Flying Fish Point State School students ‘get their hands dirty’ for the environment

Dr Fay Falco-Mammone from Johnstone Region Landcare explains to students how to tell the difference between reed plants and weeds.

IN 2019, Flying Fish Point State School was successful in securing a Local Action Community Reef Protection Grant to conduct a wetland restoration activity.

The original project was to create a billabong at the school, but this was shifted to a public site, which is easily accessible and more beneficial to the community.

Work completed so far includes restoring the reedy drain that runs parallel to the main drain at Warrina Lakes.  

The Johnstone Region Landcare team manually weeded the area, as well as planted some other reeds within the water section. 

Johnstone River Catchment Management Association (JRCMA) installed a pipe that runs from the main drain to the reedy drain in order to maintain water levels for the reeds.

This activity involved students and staff learning about value of wetlands and reedy drains, species of plants that are beneficial, and types of birds and animal life that inhabit the wetlands.

Reeds and other wetland plants take up nutrients and filter the water, which is extremely important for farming, coastal areas, and the region.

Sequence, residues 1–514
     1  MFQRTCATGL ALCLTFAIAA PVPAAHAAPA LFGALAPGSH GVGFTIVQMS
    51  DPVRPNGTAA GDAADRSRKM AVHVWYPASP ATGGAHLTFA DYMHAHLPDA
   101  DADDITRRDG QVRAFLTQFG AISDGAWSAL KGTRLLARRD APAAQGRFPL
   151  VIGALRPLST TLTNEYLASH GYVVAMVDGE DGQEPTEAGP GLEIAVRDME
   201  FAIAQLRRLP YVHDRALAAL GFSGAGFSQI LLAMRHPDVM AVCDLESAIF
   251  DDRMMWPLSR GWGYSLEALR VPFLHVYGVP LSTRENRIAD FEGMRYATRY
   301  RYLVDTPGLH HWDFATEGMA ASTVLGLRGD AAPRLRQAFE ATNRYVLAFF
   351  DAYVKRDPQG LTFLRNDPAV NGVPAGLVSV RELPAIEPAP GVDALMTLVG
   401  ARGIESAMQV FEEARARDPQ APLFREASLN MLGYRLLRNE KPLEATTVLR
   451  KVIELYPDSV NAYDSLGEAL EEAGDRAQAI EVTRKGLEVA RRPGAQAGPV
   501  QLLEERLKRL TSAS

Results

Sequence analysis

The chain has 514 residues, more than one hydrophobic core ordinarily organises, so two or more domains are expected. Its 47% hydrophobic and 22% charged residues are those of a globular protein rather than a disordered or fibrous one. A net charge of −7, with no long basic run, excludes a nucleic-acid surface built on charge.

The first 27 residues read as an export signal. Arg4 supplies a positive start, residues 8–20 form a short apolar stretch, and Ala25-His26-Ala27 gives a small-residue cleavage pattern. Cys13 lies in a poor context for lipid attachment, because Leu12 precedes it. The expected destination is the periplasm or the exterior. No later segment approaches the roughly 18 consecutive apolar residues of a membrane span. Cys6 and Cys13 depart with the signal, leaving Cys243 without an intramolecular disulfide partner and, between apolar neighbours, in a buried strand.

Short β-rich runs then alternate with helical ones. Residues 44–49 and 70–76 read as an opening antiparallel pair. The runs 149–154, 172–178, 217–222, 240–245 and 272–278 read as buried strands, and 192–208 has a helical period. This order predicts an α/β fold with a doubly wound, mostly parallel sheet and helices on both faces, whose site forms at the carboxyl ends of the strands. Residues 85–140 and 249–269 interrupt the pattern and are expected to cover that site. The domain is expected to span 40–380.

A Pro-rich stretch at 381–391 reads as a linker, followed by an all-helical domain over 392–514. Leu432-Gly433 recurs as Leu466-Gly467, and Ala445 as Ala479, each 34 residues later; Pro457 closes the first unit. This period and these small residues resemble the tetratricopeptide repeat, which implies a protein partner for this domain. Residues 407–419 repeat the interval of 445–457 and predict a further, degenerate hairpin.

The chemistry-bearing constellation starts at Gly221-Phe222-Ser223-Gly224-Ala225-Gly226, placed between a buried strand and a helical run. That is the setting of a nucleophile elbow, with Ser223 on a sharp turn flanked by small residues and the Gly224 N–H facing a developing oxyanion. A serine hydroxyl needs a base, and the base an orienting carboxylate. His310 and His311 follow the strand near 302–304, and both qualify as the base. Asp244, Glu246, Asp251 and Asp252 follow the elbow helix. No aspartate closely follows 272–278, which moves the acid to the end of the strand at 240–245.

In the long term, these processes will have a positive impact on water quality to the Great Barrier Reef. 

Dr Fay Falco-Mammone, Jenny Dall, Katherine Fisher, and Errol Colman from JRMCA coordinated the on-ground activities, which involved the whole school with students from Prep to Year 6.

Many coastal wetlands have suffered from human impacts and this project, although small, has much potential in its environmental and education values to create positive outcomes in the future.

“Therefore, we have involved the Flying Fish Point State School students, as they have adopted this project and over time will continue to nurture and monitor this wetland site as part of their school activities.”

“We are always excited to be educating the younger generation and helping them ‘get their hands dirty’ to improve the natural landscape in our region.”

During a walk of the wetlands, students were shown an example of sedge and grass and their differences and any signs of insect and bird life, which they observed, were recorded.

Students planted Bulkuru sedge, grey rush, lomandra, paperbarks, red leaf figs, and cordylines at the water’s edge, which provide an important food source and shelter for the wetland inhabitants.

This activity provides a unique partnership opportunity with Cassowary Coast Regional Council, Johnstone Region Landcare, Johnstone River Catchment Management Association, and Mamu traditional owners, which will improve and educate future generations.

The project is funded through a partnership between the Australian Government’s Reef Trust and the Great Barrier Reef Foundation.

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